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Telstra's Thodey relishes role

If you believe what you read in most of Australia's media, Telstra chief executive David Thodey is just one step away from sinking into the hideous quagmire of corporate oblivion.

commentary If you believe what you read in most of Australia's media, Telstra chief executive David Thodey is just one step away from sinking into the hideous quagmire of corporate oblivion.

Popular opinion has the CEO under siege from all fronts. The government may split up Telstra, or force it to divest its Foxtel assets, or make it give up its customers to the National Broadband Network — or all three. Financial analysts have issued a string of downgrades, senior executives are departing and, of course, the share price continues to sink downwards. By all accounts, Thodey should feel as though the weight of the world rests on his shoulders.

Funny how instead, he looks like he's having the time of his life.

I was sitting at the back of the room on one of several tables filled with journalists at a major business lunch held by the Trans-Tasman Business Circle, at which Thodey was the main speaker.

During his speech, I watched as those around me started frantically scribbling in their notebooks every time the executive uttered the word "NBN". And indeed, Thodey's comments on the subject of Australia's biggest technology investment even made their way into a number of articles about the speech.

But I never felt that Thodey really gave away anything of real substance about the progress of Telstra's ongoing negotiations with the Federal Government and NBN Co on the terms under which the telco might migrate its customers and infrastructure into the broadband project.

Instead, what fascinated me was Thodey's manner. His style. His self awareness, his humour and his poise as he first delivered his speech and then proceeded to take many questions from the audience.

The executive's first action upon taking the stage was in fact to defuse some of the fevered speculation about the future of Telstra, standing as it does in the shadow of the NBN.

While Thodey said he would focus on the potential of mobile broadband in Australia, he cautioned the audience that his comments should not be taken as a veiled commentary on the fixed fibre nature of the NBN. "I know there is some media here, and they may sometimes get a spin on things that may not necessarily be right," he said, to general laughter from the floor and raised eyebrows from the 20-30 journalists in the room.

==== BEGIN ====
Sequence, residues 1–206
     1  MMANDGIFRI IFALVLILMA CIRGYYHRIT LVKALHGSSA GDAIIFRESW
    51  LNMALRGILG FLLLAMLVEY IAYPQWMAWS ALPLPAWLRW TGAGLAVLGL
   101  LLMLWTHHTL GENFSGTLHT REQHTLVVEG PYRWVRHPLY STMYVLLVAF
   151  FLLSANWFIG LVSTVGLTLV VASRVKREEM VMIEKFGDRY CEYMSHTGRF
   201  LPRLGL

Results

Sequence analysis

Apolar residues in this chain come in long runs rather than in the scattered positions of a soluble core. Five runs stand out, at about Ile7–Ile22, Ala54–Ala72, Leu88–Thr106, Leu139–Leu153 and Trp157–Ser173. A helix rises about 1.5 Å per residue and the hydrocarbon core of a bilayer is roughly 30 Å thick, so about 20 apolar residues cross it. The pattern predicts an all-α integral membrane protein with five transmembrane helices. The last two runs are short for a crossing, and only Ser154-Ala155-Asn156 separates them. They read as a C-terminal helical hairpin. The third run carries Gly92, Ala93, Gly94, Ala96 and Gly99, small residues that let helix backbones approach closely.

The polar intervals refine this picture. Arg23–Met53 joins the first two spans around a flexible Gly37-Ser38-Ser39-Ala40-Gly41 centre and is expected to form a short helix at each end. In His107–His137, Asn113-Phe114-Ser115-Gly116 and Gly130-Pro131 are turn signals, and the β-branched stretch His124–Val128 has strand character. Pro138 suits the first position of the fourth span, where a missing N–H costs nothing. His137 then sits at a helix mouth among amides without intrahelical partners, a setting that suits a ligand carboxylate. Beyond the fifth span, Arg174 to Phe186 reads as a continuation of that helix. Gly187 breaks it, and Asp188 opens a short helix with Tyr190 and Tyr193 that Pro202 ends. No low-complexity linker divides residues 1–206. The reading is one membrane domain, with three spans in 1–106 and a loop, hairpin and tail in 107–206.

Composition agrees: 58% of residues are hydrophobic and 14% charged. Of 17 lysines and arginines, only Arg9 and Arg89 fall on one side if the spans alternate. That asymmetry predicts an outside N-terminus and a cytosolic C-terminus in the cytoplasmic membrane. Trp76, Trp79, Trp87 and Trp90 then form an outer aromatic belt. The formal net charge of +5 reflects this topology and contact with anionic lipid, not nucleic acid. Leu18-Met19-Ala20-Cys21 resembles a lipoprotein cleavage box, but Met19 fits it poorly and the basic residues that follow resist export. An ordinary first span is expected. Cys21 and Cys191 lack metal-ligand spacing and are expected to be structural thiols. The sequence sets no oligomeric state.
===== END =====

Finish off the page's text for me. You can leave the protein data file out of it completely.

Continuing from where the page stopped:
The CEO then proceeded to discuss the phenomenal growth in mobile broadband usage — a favourite topic of Australia's telecommunications industry.

But where most speeches of this nature are a naked product pitch, Thodey's was speckled with good humour and the latest gadgets and innovations. In short order, he brought out what appeared to be one of Telstra's super-hyped HTC Desires and name-dropped Google's awesome Android application for it, as well as the "enormous growth" of Twitter, the foursquare geographical networking services, IPTV and more.

Much of the business audience appeared to have no idea what Thodey was talking about. But then that has always been one of Telstra's primary roles in Australia — to introduce new technology to this market. A Trans-Tasman speaker made the point later on that it was Thodey who first demonstrated the BlackBerry to the same audience a number of years before.

Thodey's piece de resistance was an an actual Apple iPad — "smuggled" in from the US ahead of its local launch on Friday week. "Is Tony King here?" he asked, referring to the managing director of Apple Australia.

Throughout this process, the executive appeared to be having the wildest fun. Like Apple's own Steve Jobs, he relished his role in the limelight pulling piece after piece of magical technology from his kitbag and making it seem like a piece of delicious and exclusive cake. And the audience ate it up.

At several points he openly referred to NBN Co CEO Mike Quigley — who was in the audience — saying the executive should come up on stage and help him to explain various issues. The mentions went far to further defusing the level of tension that is generally believed to exist between NBN Co and Telstra — but which in practice may not.